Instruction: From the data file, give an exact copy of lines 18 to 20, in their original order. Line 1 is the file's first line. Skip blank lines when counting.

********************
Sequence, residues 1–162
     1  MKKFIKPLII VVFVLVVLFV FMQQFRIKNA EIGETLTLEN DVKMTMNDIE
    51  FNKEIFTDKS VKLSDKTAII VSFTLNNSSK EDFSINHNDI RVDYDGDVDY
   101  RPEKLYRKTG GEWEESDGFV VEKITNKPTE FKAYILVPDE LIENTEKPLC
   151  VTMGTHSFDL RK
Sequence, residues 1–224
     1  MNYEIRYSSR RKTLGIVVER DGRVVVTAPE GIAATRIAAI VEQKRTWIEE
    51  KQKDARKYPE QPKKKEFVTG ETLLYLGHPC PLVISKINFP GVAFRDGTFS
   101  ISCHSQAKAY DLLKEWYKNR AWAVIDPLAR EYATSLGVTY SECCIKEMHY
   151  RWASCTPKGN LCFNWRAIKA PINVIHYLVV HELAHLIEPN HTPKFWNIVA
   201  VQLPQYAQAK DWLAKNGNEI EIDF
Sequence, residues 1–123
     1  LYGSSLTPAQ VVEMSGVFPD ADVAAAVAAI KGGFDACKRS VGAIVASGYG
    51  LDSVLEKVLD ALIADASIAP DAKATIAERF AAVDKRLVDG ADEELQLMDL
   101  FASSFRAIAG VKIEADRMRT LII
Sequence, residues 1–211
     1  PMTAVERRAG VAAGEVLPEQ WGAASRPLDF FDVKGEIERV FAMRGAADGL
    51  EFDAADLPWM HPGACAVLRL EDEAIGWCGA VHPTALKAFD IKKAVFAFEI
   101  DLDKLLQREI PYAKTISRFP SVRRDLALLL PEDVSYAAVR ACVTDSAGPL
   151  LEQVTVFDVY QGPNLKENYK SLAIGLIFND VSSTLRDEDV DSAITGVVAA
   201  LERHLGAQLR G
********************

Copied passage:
    51  EFDAADLPWM HPGACAVLRL EDEAIGWCGA VHPTALKAFD IKKAVFAFEI
   101  DLDKLLQREI PYAKTISRFP SVRRDLALLL PEDVSYAAVR ACVTDSAGPL
   151  LEQVTVFDVY QGPNLKENYK SLAIGLIFND VSSTLRDEDV DSAITGVVAA